It's interesting that the most powerful gem by far appears to be the space stone, and all thanos uses it for is teleporting and a bit of phasing. It has been used to create crazy weapons (in cap1), a spacecraft capable of ftl, and an engine that when it blows up makes a person almost as powerful as a gauntleted thanos. And that's just taking the energy from it - not using it directly! 

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6 hours ago, Werthead said:

FTL in the MCU appears to be limited. You have to use jump points, you can't just zip from wherever to wherever, and you have to map out the jump point network and travel between them (like, say, stops on the underground), which is time-consuming and inefficient. You also can't jump sequentially: if you do more than a dozen jumps or so in succession, your brain starts to go weird (remember Rocket and the guys in GotG Vol 2?), so you need downtime between jump sequences. The whole thing is a massive pain in the backside.

The Kree superdrive seems to be much more like a souped-up version of warp drive: you point at your destination and just go in a straight line towards it, incredibly fast. No brain-melting, no laborious mapping out of network nodes, no need to find a pre-existing jump point before jumping etc.

The Bifrost is a direct-line artificial wormhole from point to the point. Sling rings and the magic portals that the sorcerers use also seem to be a similar kind of thing, but are much more energy-intensive and, in the case of the portals, more limited in range.

Yeah - it seems to be that the FTL drive is important for the refugees because it's a way of getting off the grid. Every other cross-space travel  (except the Guardians and Thanos?) needs a pre-existing structure.  They want a way to run  and hide so that no one can find them.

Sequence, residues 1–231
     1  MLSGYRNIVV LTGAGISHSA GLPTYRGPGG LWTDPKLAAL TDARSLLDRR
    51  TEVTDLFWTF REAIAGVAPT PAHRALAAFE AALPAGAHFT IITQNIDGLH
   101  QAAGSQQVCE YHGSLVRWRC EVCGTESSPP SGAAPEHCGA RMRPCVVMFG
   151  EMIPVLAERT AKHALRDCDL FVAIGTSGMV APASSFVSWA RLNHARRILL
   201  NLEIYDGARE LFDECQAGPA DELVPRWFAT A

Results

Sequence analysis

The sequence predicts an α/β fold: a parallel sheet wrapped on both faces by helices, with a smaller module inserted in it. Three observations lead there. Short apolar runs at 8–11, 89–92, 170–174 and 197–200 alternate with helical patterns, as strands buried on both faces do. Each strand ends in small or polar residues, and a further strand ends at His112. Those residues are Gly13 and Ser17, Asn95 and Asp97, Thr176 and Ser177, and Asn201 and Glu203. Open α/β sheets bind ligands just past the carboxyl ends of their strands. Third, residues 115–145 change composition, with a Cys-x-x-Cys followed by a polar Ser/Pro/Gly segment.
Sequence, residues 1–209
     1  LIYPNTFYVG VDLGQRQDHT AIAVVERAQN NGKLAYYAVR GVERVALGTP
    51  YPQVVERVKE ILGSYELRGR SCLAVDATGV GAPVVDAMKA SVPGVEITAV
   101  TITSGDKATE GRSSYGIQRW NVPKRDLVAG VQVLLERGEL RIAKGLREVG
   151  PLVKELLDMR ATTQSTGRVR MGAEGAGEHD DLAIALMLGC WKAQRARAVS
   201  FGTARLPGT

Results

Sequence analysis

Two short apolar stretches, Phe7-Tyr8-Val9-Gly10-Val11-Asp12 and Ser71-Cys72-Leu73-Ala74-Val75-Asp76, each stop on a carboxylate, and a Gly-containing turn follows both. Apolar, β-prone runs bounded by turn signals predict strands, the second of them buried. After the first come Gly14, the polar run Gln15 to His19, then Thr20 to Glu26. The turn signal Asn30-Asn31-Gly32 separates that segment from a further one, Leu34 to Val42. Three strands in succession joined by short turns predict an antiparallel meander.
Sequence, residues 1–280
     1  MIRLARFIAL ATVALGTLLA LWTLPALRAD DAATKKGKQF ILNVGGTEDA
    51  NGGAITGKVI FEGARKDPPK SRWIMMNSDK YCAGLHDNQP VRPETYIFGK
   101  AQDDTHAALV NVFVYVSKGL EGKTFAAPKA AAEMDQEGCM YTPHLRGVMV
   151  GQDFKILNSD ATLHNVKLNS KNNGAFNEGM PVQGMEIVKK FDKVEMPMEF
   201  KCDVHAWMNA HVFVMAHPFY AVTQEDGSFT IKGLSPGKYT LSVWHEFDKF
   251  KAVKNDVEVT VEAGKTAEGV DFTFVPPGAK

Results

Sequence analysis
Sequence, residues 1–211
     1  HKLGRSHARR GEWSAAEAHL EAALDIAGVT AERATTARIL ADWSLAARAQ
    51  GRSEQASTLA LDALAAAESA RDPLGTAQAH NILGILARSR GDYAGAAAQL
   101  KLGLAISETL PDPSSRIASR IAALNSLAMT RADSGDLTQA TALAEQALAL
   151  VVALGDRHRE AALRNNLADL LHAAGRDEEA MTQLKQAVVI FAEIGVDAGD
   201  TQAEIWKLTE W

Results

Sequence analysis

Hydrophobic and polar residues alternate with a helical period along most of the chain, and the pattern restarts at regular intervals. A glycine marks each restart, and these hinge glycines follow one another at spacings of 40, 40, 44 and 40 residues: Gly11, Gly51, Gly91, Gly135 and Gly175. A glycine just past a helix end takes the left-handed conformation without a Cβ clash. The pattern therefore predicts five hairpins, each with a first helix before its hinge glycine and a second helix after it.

I want to know the back story of Mar Vell and the Skrull refugees she's been hiding in a cloaked ship above Earth for ... years/decades?

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6 hours ago, Kalbear said:

It's interesting that the most powerful gem by far appears to be the space stone, and all thanos uses it for is teleporting and a bit of phasing. It has been used to create crazy weapons (in cap1), a spacecraft capable of ftl, and an engine that when it blows up makes a person almost as powerful as a gauntleted thanos. And that's just taking the energy from it - not using it directly! 

Danvers apparently makes a pager that can communicate instantaneously across up to two galaxies.  Maybe that’s Space Stone power because it doesn’t make much sense otherwise.  Although she also inexplicably talks instantaneously to Yonn Rogg across incredible distances using a Kree communicator/payphone/radio shack equipment.

I’m confused as to whether the FTL drive was even finished.  Wasn’t Danvers delivering it to the ship in orbit when it was destroyed? Why was Mar Vell hanging around on earth if she already built the thing necessary for her plan?

Also, when is she planning on going to Hala? She said she was coming “to end it, “ so just do that and then settle the Skrull refugees in the known galaxy, no need for a FTL drive.

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7 minutes ago, john said:

Danvers apparently makes a pager that can communicate instantaneously across up to two galaxies.  Maybe that’s Space Stone power because it doesn’t make much sense otherwise.  Although she also inexplicably talks instantaneously to Yonn Rogg across incredible distances using a Kree communicator/payphone/radio shack equipment.

Isn't that just "space-tech"?  

Quote

I’m confused as to whether the FTL drive was even finished.  Wasn’t Danvers delivering it to the ship in orbit when it was destroyed? Why was Mar Vell hanging around on earth if she already built the thing necessary for her plan?

I thought the ship with the refugees flew away at the end using the FTL drive?

I thought Mar Vell had literally just finished the drive when Yonn Rogg showed up - that was what she and Carol were testing.

Quote

Also, when is she planning on going to Hala? She said she was coming “to end it, “ so just do that and then settle the Skrull refugees in the known galaxy, no need for a FTL drive.

She never said how she intended to "end it".  Maybe providing the Skrulls with an unfindable safe haven was part of that?  It would give them more leverage with the Kree.

I would like more back story on Mar Vell and Talos' relationship.  Did they have one?  Was it just a coincidence that Mar Vell was hiding his family?  Is looked like Talos had never seen his daughter before he got on that ship - so how long was Mar Vell hiding those Skrulls above Earth?

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On 3/9/2019 at 10:52 PM, Werthead said: